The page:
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What King means by this is that it's easy for someone to take a stand on a controversial issue—like civil rights, for example—if they're in a comfortable position in life and they're not directly affected by it. However, it's much more difficult to take a stand when you're in a position of extreme stress and danger, when you're putting your life on the line for the things that you believe in. Then, and only then, can one get the full measure of someone, to find out what they're really like and what really matters to them.

When King wrote these words in the 1959 book The Measure of a Man, he was just setting out on his journey as a civil rights campaigner. He knew that the road ahead would be long and hard, but he also knew, as this quotation shows, that his involvement in the struggle for civil rights would be the making of him.

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This quote first appeared in a book called The Measure of a Man, published in 1959. The book was a publication of two sermons Martin Luther King gave at a conference sponsored by the United Church of Christ in 1958 at Purdue University. It later appeared in a sermon collection called Strength to Love (1963).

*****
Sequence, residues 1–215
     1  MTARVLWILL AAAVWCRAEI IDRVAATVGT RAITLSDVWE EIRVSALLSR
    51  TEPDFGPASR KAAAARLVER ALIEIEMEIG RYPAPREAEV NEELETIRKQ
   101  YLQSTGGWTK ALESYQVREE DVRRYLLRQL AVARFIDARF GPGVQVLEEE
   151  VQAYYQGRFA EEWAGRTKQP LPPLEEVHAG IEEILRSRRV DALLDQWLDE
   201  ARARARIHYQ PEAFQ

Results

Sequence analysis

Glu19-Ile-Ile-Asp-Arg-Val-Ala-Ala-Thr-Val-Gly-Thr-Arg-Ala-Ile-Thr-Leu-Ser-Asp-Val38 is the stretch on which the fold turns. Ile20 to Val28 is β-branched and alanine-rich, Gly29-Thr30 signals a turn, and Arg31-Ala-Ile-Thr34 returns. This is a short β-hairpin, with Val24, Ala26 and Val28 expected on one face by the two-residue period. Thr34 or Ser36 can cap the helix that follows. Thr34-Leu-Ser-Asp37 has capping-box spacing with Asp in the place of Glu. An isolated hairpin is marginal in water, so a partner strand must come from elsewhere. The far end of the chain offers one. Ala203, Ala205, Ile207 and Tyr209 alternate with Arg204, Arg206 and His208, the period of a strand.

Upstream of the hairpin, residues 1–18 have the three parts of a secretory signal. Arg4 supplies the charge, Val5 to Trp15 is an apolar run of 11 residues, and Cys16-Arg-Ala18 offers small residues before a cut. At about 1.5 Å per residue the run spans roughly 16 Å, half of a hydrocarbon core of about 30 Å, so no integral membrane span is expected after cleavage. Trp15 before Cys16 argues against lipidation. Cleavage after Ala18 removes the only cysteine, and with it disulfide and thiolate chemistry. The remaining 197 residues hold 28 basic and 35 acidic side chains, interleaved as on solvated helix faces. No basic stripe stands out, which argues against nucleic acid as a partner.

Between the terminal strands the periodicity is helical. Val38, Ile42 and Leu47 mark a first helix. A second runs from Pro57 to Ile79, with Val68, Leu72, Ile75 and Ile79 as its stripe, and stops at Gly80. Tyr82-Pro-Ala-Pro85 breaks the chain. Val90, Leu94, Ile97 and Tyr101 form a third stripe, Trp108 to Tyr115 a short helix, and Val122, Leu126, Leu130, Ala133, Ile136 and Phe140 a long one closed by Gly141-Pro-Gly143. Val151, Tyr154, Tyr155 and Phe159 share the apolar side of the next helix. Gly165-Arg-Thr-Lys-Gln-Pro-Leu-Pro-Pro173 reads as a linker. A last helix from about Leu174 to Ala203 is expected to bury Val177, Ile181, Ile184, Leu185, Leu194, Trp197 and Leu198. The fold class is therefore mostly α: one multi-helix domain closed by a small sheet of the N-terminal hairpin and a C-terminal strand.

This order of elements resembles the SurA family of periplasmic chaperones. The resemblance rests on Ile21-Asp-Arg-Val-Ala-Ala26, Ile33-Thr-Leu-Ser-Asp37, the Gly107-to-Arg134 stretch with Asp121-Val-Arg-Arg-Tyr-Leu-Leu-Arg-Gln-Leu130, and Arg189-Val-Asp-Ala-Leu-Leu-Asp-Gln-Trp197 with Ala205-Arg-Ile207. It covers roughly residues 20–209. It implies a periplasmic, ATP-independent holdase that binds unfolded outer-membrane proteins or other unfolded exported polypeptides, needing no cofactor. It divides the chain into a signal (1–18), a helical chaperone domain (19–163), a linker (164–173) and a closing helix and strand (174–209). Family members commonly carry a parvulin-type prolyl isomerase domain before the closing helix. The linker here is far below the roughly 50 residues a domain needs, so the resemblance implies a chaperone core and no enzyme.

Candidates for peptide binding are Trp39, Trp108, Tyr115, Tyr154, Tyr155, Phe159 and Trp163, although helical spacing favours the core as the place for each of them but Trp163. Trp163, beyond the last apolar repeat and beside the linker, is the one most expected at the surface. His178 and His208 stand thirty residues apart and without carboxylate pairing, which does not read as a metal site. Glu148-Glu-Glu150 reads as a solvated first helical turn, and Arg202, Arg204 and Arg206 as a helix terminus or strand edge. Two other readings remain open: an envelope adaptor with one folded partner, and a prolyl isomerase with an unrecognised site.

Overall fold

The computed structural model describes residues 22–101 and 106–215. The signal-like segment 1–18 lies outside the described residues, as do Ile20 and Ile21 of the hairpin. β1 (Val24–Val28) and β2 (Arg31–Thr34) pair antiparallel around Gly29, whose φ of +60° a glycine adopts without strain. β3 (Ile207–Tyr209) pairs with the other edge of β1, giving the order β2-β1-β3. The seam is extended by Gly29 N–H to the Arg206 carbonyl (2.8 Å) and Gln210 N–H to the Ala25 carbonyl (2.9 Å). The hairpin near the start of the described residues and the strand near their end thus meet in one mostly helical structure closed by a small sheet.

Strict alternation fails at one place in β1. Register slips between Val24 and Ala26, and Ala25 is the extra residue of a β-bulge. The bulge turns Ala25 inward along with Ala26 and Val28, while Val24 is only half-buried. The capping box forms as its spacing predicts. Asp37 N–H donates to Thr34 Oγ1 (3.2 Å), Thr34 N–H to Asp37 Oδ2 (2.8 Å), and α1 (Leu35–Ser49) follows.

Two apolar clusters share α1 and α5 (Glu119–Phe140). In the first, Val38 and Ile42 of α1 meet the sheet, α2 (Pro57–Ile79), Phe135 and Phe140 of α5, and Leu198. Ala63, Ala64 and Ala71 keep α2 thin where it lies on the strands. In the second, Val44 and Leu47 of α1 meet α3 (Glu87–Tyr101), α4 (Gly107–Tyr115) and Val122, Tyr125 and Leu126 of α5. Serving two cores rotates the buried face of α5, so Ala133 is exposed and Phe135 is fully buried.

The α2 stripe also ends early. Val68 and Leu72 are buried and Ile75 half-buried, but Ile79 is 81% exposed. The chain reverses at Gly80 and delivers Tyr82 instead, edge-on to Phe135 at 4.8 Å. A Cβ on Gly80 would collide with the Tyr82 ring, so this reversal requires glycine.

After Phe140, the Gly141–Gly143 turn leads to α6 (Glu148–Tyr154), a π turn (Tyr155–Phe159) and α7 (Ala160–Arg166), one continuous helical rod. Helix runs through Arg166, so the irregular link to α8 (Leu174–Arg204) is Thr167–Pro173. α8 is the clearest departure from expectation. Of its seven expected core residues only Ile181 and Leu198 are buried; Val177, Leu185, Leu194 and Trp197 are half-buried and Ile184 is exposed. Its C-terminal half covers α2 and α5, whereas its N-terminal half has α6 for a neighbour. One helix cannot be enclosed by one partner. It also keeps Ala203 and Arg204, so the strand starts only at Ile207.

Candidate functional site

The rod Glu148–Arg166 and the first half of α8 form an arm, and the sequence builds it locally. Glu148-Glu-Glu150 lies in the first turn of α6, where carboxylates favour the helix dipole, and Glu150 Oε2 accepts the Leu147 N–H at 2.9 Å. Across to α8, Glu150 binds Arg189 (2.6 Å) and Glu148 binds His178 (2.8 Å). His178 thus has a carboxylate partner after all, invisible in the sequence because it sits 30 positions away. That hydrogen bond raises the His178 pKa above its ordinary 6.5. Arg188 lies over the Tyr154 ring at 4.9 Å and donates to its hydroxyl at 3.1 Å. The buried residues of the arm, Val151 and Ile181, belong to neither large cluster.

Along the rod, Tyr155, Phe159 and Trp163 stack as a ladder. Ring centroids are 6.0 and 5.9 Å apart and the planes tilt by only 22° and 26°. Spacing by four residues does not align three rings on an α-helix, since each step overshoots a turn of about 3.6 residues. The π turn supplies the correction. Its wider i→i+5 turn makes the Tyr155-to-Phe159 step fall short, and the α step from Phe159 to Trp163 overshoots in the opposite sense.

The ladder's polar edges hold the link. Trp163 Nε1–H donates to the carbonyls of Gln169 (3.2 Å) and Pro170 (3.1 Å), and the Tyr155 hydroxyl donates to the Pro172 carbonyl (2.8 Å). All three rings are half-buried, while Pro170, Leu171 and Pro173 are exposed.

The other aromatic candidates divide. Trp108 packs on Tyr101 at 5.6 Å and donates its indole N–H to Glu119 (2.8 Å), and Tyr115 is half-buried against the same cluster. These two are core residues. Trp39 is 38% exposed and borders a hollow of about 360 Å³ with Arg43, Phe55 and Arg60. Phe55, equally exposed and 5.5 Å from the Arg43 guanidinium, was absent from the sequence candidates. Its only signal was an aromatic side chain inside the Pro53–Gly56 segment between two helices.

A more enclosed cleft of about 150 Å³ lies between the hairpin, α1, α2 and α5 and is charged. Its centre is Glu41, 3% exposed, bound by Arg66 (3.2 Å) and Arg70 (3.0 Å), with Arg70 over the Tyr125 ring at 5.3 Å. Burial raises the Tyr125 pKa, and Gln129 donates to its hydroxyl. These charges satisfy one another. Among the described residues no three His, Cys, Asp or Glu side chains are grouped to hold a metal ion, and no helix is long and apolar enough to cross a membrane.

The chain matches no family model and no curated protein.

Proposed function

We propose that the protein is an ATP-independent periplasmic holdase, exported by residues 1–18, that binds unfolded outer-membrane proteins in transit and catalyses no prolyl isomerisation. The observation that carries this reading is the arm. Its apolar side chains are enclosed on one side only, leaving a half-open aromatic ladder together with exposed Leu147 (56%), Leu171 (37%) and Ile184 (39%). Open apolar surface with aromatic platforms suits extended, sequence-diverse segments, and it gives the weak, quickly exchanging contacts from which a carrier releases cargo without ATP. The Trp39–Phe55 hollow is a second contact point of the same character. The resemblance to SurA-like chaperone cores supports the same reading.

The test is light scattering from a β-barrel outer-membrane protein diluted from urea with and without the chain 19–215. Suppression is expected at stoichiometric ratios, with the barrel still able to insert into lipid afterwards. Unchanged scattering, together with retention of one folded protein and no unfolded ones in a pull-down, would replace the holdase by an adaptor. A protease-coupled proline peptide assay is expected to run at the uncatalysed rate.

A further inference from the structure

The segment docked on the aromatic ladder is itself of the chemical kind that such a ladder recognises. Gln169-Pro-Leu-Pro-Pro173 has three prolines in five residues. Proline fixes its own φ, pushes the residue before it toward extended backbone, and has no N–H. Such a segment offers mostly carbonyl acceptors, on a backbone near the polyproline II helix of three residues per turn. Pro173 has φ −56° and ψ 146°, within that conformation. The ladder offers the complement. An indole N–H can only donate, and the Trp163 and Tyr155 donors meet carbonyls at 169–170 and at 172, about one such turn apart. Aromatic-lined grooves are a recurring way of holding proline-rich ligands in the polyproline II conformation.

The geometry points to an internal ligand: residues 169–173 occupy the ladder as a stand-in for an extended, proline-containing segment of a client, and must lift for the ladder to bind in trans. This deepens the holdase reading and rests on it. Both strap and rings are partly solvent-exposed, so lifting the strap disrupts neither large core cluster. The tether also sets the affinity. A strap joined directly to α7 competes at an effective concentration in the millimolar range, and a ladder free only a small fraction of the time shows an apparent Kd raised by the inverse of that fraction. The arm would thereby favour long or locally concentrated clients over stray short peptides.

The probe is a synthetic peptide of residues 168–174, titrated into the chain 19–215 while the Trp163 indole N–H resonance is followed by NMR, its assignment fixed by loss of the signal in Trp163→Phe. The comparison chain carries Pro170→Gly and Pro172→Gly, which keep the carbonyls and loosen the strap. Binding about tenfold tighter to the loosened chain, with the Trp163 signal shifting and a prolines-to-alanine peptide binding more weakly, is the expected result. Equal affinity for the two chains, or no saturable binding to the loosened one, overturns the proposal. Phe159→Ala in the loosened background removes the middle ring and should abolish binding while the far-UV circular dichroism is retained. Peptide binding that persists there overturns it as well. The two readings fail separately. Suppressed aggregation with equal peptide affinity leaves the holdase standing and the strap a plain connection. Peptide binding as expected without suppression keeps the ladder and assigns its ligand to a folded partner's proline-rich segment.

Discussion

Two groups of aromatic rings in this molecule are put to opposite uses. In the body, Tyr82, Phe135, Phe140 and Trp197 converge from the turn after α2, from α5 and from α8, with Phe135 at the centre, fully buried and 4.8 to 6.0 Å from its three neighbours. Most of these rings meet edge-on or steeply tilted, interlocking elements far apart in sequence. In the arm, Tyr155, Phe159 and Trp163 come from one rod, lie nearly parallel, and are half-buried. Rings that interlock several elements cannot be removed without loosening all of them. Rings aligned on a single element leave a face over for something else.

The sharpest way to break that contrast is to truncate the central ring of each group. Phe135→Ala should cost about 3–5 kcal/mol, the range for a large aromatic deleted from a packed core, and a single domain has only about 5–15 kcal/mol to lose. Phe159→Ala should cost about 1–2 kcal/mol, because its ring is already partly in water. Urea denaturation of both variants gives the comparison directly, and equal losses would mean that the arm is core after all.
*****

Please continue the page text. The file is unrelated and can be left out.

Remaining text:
In the quote cited, King reiterated a familiar trope, also expressed in his "Letter from Birmingham Jail." He was distressed by white sympathizers who sat on the sidelines of the Civil Rights struggle and refused to fully commit to working for the cause of black equality.

It is easy, he says, to say the right words when all is well, but what matters is what you do when the rubber hits the road, so to speak (meaning, when it's put to the test). It basically means that if you are not there walking and working in solidarity with African Americans in times of controversy and danger then you do not really support the cause of social justice. In contrast, those who stand firm and put their well-being on the line are the people who bring about lasting change.

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This quotation is from Martin Luther King's book, Strength to Love, a collection of his sermons, edited by Melvin Arnold and Charles Wallis and published in 1963 by Harper and Brother's Religious Books.

There are plenty of explanations of the meaning of this quotation, including the eNotes reference below, but it is important to assess its message: namely, that men and women who have the courage and strength to live out their moral beliefs, even in the face of adversity, are the true champions in this world.

King's Strength to Love contained very many messages for the America and global public, some of which appeared too strong for its readers, or perhaps the political leadership, and which were subsequently removed by editors Arnold and Wallis. See the Stanford University King Institute Encyclopedia for further information.